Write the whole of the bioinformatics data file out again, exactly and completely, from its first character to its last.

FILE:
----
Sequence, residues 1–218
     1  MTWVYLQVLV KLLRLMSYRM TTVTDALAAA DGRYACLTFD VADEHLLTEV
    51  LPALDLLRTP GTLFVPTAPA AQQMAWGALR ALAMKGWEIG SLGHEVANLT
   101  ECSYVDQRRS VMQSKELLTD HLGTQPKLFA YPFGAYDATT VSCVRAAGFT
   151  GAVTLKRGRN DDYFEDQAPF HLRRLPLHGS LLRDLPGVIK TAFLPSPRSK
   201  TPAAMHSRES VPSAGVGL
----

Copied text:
Sequence, residues 1–218
     1  MTWVYLQVLV KLLRLMSYRM TTVTDALAAA DGRYACLTFD VADEHLLTEV
    51  LPALDLLRTP GTLFVPTAPA AQQMAWGALR ALAMKGWEIG SLGHEVANLT
   101  ECSYVDQRRS VMQSKELLTD HLGTQPKLFA YPFGAYDATT VSCVRAAGFT
   151  GAVTLKRGRN DDYFEDQAPF HLRRLPLHGS LLRDLPGVIK TAFLPSPRSK
   201  TPAAMHSRES VPSAGVGL